Regardless of which side you chose, there cannot have been many happenings in recent political memory more heartening than the Scottish Referendum. While international markets got the twitchy bums they inevitably contract before a potential watershed election, and while the governments of Spain and of Italy tried to batten down Catalonia and Venice before they started getting ideas of their own, millions of engaged, franchised voters were living out the meaning of democracy before the world’s eyes. This means that in a fair and functional democratic society, every citizen must be a politician. It was a showing the likes of which have become more and more foreign, certainly in Britain, since the country saw the end of World War II.
The political class, in its current state of evolution, found the whole situation rather too much to stomach. For all it does to damningly indict Britain’s electorate, it is true that it has become the luxury of politicians in previous decades to rely on the soft reply of their voters on key issues. Governments have felt liberated to twist and to refrain from following through because voters have, in recent years, either been too apathetic to register dissent or have registered said dissent through entirely non-constructive means. When the young refuse to vote, they nullify their own considerable political value and essentially must accept all outcomes nolo contendere.
In Scotland, people remembered how to use the vote, and the more people engaged in politics, the more the body of their governance was retracted to its state of proper servitude. In short, the voters terrified the voted, which is quite as it should be.
As heartening as that story is, the story of Iceland and of its past few years as a defiant and firm country, is a warmer one still. Modest though it might seem, Iceland’s exemplary handling of themselves in the wake of the Great Recession has been ignored by the Western media by and large, even though their tale epitomises an even more determined application of that same clout shown by the voters across the Atlantic. Their story, one of a people who compelled themselves to apply the principles of Scotland to the everyday, goes roughly like this.
In 2008 Iceland’s banks collapsed in the midst of the financial crash. Its three main banks, Landsbankinn, Glitnir and Kaupthing were all nationalised so that the general population could shoulder their enormous burden of debt. The people of Iceland understandably chaffed robustly at the idea of having to carry the weight of cavalier mistakes in finance. However, instead of repressing this anger, instead of expressing it via reductive outlets, the people of Iceland rallied. They relieved their government of responsibility, as is their right, and formed an Assembly to write a new national constitution.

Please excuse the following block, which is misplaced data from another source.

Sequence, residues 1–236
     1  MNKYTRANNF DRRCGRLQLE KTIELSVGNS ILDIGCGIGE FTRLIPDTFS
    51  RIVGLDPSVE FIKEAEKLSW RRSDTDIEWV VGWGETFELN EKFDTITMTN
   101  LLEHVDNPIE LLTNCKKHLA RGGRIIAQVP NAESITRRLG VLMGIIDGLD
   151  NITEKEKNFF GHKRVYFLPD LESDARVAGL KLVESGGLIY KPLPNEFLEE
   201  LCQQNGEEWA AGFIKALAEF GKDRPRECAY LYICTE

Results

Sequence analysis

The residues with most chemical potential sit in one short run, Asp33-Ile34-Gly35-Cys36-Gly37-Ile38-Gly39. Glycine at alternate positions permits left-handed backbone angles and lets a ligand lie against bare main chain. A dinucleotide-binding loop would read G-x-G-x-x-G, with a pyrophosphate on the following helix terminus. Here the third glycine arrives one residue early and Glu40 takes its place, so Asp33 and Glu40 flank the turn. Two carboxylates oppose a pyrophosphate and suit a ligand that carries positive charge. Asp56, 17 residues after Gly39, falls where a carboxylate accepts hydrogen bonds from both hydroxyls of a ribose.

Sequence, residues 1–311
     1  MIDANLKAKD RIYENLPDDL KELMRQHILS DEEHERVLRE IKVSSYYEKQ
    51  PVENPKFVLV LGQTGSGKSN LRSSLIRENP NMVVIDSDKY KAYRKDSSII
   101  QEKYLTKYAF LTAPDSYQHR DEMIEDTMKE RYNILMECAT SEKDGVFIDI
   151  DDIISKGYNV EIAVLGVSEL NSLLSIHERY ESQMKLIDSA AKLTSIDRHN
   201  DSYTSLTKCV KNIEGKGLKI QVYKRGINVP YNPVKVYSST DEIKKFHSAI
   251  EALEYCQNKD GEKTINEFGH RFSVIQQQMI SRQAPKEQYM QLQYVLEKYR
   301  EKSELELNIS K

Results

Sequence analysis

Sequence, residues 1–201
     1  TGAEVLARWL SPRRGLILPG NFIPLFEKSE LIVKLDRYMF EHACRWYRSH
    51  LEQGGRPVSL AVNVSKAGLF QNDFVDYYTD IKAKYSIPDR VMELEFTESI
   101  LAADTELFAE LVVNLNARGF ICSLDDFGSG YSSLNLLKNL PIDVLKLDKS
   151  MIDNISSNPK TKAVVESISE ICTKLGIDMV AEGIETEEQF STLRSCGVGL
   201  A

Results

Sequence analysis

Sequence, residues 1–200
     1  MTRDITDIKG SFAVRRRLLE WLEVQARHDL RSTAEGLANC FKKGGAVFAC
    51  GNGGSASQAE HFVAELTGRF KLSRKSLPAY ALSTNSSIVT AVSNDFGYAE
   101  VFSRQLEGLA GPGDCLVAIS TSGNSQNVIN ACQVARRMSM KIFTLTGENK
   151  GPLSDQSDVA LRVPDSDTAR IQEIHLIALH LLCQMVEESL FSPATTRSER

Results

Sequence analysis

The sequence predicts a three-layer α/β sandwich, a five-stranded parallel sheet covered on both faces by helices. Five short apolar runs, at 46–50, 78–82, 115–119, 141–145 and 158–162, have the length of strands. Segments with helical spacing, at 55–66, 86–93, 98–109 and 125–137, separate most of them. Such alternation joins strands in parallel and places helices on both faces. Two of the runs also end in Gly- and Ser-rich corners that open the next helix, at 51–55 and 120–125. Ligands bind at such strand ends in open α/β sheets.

Iceland was put upon, much like nearly every other nation the world around during this time, and so Iceland planned. Iceland took bold new steps in political participation and justified them. Iceland listened to itself and assimilated ideas through a functional system of contribution, much of which revolved around Facebook. Iceland was sensible with existing bureaucratic infrastructure and used experts to temper and shape its new ideals. Though its constitutional efforts were frustrated in part, in the face of hardship, Iceland acted as a democratic people.
It is true that what has been possible, or indeed not possible, for Iceland is more remote for countries such as Britain or France. But to put the lessons learned from Iceland’s experience into practice can only improve the health of a given populace. Iceland’s constitution epitomises democratic process: had it resulted in a new fabric of the land, the existing fabric would have been woven in an entirely transparent, inclusive and representative manner, in stark contrast from, say, the one developed by America’s Founding Fathers. The citizens’ method of election purposefully isolated the constitution to the people’s sphere by restricting contributions from professional politicians. This kind of determination to tackle the electorate’s lack of satisfaction with governance is precisely the kind any society needs more of to ensure its government serves its people properly.
Despite some reports to the contrary, what Iceland’s story is not is a story of how the people took a flaming torch to hand, together with pitchforks and dragged all those big bad bankers out to the Westfjords by their hair and hanged them there. Those torches would very likely have melted the entire nation had they been lit. Like any economy of its like in a similar situation, they leaned on the IMF’s capital controls to keep the Krona in reasonably good nick, and to keep the trading routes sweet with buoys for their sovereign credit rating.
Rather, Iceland’s story is inspirational because in the face of great tumult the people reacted in a way that did not invite class war, that did not sensationalise a proper response, but that did make a real prospect out of a careful and sensitive recovery plan. The constitution that the people of Iceland drafted together (failed or not), via elected representatives and suggestions fielded from social media, is the emblem of a revolution of restraint and clear vision. It is a different kind of revolution from the one we are often exhorted to in the media or at the demo or in the junior common room, but it has meant that the people of Iceland have been able to bear their burden well, and face a future united after a financial downturn that has driven division through nearly every society around them.